Environmental Policy Cycle

The (environmental) policy cycle is an instance of W. Deming's PDCA cycle in (environmental) policy. Deming's cycle consists of 4 phases: (Plan, Do, Check, Act), which should be should be repeated again and again for continuous improvement. In (environmental) policy this typically is every 4 years.

Policy Planning ('Plan')

Policy planning starts off with a proper information management and -provision concerning societal problems and needs. Economic-, Environmental, and Health aspects should be identified, quantified and weighed. In earlier days this was done in the Ivory Towers of scientists, lobbyists, politicians and policy makers. Nowadays we attribute great value to transparency and justification. Moreover, policies now are made by policy makers alone, but public participation is the standard. New policy instruments such as covenants, co-makership, joint implementation, tolerated exceedance of standards (provided they are compensated elsewhere) demand a much higher degree of justification than ever.

Policy Implementation ('Do')

Once policies have been developed and established, lower level governments and target groups need to adapt their policies and business strategies and processes to the new demands and limits. Environmental Action Programs and -Plans need to be developed with cost-efficiency in mind, and approved in consensus and with participation of all stakeholders. Feasibility studies, economic studies and benchmarks may contribute to actually reaching the set targets.

Policy Monitoring ('Check')

Environmental Information Pyramid and Environmental Policy CycleNowadays policies are monitored by means of specifically targeted statistics and indicators. Indicators are highly aggregated statistics, which are aggregated to the exact same level as the voicing of the policies. Therefore the communicate on the same level, especially so when the indicators are coupled to the policy targets. This then, makes indicators the instrument of choice for monitoring implementation and the degree success of the (environmental- or sustainability) policies.

These indicators are usually characterized within the  DPSIR causality framework (OECD) or similar frameworks. The integrity and quality of the indicators can be assessed and communicated by adopting the NUSAP principles.

Various organizations are developing a plethora of indicators for monitoring their own policy targets. These indicators, however similar in shape, form or naming, are seldom inter-exchangeable, as each and every indicator serves a specific purpose and a specific policy. This makes the development, management and interpretation of indicators into a highly specialized expertise. It also makes the uninformed use of indicators into a risky affair.

This is why we were asked by Eurostat, to scrutinize all European level environmental indicators in use with various supranational authorities (Eurostat, EEA, JRC, OECD and UN/ECE). All indicators were classified, analyzed, and described by means of relevant metadata. Pertinent recommendations were made pertaining to interpretation of, collaboration in, harmonizing of, enhancing quality and efficiency of, and economizing the production of EU-wide indicators.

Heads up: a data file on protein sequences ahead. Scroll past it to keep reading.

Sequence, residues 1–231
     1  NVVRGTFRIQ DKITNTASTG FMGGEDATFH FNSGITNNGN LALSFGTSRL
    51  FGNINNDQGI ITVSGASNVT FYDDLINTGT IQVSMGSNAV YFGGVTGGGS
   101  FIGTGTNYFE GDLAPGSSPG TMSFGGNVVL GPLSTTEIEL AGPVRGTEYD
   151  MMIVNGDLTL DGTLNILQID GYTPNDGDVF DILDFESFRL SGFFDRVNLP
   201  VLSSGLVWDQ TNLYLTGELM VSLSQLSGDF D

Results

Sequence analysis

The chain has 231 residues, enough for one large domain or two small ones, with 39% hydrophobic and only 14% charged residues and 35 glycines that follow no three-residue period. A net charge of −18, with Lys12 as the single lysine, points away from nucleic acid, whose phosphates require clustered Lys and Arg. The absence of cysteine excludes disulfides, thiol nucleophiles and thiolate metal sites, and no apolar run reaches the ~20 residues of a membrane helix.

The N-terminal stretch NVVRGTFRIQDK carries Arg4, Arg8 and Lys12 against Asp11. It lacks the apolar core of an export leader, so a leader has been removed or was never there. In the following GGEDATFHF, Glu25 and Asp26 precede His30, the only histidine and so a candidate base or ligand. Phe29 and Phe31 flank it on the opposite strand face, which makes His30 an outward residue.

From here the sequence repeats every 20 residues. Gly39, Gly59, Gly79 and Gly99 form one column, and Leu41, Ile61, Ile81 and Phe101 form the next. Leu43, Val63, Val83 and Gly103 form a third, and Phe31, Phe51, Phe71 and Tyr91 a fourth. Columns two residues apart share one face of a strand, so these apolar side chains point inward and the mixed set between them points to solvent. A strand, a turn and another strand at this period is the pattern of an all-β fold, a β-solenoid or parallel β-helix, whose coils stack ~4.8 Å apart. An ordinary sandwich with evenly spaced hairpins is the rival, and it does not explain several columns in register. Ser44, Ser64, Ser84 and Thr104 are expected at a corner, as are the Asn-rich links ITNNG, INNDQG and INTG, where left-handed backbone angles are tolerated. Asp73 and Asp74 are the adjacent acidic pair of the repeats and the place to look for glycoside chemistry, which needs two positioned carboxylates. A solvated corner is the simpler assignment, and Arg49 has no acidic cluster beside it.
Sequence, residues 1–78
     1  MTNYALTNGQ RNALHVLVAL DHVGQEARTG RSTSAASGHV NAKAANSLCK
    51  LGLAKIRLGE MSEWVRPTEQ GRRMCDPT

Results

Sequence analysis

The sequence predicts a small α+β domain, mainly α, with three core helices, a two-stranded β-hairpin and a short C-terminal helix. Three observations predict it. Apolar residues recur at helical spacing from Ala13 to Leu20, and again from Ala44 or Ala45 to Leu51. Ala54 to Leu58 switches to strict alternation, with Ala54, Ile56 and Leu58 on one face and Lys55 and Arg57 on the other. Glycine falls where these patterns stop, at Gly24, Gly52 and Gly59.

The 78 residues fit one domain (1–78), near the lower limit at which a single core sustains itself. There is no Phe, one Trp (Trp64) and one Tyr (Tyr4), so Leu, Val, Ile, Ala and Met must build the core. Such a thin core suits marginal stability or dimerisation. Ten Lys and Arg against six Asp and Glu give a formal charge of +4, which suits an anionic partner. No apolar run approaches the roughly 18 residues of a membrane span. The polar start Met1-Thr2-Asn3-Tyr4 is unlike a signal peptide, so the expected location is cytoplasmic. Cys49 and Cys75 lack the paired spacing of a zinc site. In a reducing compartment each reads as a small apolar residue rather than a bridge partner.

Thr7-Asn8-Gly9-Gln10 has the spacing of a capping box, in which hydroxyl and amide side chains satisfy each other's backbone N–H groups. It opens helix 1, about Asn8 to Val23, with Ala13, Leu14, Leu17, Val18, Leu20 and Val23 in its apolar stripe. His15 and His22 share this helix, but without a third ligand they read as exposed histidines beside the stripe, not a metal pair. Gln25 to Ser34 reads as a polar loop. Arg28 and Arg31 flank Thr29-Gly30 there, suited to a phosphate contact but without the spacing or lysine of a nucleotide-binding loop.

Environmental reports have grown from simple qualitative enumerations to statistics and indicators based integrated assessments of cause and intensity of environmental pressures, environmental quality, and societal efforts to prevent, improve, and mitigate these.

Information management becomes exceedingly important with the increase in periodic production of indicators and environmental assessments:

  • Solid information must be collected, and processed in an economically sound way
  • Quality assessment and quality control become increasingly important
  • New policy topics emerge, and need to be studied and reported in a cost-efficient, yet adequately effective way
  • Available budgets become an increasingly prominent factor


Policy Evaluation ('Act')

Evaluation ex ante

Even before policies are implemented, the efficiency of the policy measures will be questioned and evaluation ex ante may provide insight as to the expected outcomes. The expected positive en negative effects of these measures can be identified, quantified or modeled and weighed against each other.

Evaluation ex post

Adopted policies is implemented and enforced by means of policy actions, legislation, voluntary implementation, compulsory implementation, research, societal actions, etcetera. At some stage the question will emerge as to what we have accomplished with these measures. Or: what "mark can we give this policy". All aspects if the implementation and effects of these policies will be examined, weighed, and added up.

Evaluation ex durante

Interim evaluation is being executed at those moments that certain milestones of the policy implementation are (or should have been) reached, or when certain factors that may influence the outcomes have changed, with a go/no go decision typically following the findings of the evaluation.